How to manage your dotfiles with git

Flavio Wuensche
2 min readOct 14, 2016

Based on a Hacker News solution proposed by StreakyCobra

In his own words, some advantages of this approach are:

No extra tooling, no symlinks, files are tracked on a version control system, you can use different branches for different computers, you can replicate you configuration easily on new installation.

Getting started

If you're starting from scratch, go ahead and…

  • create a .dotfiles folder, which we'll use to track your dotfiles
git init --bare $HOME/.dotfiles
  • create an alias dotfilesso you don't need to type it all over again
alias dotfiles='/usr/bin/git --git-dir=$HOME/.dotfiles/ --work-tree=$HOME'
  • set git status to hide untracked files
dotfiles config --local status.showUntrackedFiles no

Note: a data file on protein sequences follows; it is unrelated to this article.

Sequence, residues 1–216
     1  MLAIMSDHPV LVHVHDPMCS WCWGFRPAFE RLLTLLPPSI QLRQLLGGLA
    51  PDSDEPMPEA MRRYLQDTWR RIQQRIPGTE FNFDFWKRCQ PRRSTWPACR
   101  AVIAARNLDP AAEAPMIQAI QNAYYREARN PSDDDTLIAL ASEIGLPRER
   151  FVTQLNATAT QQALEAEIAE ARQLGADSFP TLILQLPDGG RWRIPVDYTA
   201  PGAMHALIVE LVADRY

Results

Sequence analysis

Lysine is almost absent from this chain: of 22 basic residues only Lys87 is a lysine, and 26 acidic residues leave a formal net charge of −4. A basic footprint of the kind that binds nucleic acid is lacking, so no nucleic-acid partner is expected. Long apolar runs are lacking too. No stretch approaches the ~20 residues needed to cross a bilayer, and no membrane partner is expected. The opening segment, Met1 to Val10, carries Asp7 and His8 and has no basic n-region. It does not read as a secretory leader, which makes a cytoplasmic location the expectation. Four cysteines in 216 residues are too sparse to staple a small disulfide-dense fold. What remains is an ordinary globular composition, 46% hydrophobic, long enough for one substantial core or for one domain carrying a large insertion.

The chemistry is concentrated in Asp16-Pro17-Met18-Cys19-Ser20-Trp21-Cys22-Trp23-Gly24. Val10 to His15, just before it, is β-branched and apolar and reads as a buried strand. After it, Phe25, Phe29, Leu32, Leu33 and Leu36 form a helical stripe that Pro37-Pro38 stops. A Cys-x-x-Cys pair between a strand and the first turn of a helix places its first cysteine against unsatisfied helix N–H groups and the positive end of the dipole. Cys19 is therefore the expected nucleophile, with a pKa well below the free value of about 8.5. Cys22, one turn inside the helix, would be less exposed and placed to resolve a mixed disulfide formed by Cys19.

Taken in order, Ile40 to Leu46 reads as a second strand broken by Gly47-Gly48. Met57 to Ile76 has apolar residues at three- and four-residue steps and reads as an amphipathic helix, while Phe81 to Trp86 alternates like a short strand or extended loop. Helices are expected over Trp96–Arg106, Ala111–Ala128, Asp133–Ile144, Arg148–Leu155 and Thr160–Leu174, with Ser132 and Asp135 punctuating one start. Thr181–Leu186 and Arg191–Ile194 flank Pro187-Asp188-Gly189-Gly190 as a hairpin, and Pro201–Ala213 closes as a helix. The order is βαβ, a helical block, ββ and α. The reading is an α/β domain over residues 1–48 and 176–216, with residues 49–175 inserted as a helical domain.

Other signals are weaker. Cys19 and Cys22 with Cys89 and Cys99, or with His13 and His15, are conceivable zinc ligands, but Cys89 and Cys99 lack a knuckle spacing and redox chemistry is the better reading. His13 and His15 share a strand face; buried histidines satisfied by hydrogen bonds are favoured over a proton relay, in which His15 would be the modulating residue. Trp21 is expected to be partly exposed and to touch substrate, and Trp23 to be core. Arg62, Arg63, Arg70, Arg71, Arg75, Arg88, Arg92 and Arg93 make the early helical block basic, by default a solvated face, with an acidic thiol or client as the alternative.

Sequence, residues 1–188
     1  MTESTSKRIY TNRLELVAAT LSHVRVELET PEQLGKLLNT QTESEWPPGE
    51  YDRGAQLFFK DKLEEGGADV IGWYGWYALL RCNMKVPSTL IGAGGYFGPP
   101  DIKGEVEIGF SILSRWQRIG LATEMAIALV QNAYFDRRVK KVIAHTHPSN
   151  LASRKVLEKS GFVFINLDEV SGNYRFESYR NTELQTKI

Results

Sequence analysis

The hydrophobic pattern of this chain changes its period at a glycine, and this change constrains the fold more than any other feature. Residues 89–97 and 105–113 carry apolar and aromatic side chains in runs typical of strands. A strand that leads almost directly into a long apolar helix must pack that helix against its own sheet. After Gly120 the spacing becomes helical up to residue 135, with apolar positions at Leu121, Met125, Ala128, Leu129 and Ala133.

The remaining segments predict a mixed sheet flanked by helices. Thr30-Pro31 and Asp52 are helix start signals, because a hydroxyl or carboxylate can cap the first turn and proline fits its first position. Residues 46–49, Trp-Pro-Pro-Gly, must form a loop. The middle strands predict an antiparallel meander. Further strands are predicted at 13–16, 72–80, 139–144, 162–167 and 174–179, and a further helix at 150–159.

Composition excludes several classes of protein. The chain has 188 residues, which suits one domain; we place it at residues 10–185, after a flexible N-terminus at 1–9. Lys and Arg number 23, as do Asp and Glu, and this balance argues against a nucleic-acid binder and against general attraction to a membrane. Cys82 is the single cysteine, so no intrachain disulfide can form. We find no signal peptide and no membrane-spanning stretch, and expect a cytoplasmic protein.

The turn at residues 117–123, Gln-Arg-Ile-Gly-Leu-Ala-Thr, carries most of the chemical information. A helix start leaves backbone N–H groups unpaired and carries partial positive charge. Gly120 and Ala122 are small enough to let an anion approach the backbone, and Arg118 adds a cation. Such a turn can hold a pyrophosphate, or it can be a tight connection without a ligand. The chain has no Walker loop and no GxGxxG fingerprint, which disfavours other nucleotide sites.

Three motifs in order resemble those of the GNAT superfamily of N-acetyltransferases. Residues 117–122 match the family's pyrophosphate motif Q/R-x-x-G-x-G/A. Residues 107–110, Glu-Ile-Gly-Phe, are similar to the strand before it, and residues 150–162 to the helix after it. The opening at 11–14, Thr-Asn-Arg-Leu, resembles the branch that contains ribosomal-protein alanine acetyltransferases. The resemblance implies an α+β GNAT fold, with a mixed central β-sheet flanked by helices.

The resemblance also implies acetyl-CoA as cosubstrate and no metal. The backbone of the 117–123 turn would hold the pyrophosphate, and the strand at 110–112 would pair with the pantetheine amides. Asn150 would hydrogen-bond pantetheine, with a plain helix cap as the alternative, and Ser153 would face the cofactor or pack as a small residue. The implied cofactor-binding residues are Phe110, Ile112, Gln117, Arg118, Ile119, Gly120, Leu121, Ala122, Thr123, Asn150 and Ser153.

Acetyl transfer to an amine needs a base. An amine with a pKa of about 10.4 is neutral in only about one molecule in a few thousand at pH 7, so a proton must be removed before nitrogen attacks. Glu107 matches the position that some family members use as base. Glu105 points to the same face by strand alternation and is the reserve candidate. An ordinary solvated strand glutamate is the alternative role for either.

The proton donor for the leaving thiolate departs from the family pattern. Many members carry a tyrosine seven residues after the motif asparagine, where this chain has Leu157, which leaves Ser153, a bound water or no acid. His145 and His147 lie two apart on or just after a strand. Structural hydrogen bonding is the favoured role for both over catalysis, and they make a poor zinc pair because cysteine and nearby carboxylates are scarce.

• add the alias to .bashrc (or .zshrc) so you can use it later
echo "alias dotfiles='/usr/bin/git --git-dir=$HOME/.dotfiles/ --work-tree=$HOME'" >> $HOME/.bashrc


Now you can use regular git commands such as:

dotfiles status
dotfiles add .vimrc
dotfiles commit -m "Add vimrc"
dotfiles add .bashrc
dotfiles commit -m "Add bashrc"
dotfiles push

Nice, right? Now if you're moving to a virgin system…

Setup environment in a new computer

Make sure to have git installed, then:

  • clone your github repository
git clone --bare $HOME/.dotfiles
  • define the alias in the current shell scope
alias dotfiles='/usr/bin/git --git-dir=$HOME/.dotfiles/ --work-tree=$HOME'
  • checkout the actual content from the git repository to your $HOME
dotfiles checkout

Note that if you already have some of the files you'll get an error message. You can either (1) delete them or (2) back them up somewhere else. It's up to you.

Awesome! You’re done.

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Flavio Wuensche

Write about React and Rails. Building an open-source tool to keep track of technical debt on large codebases 🍒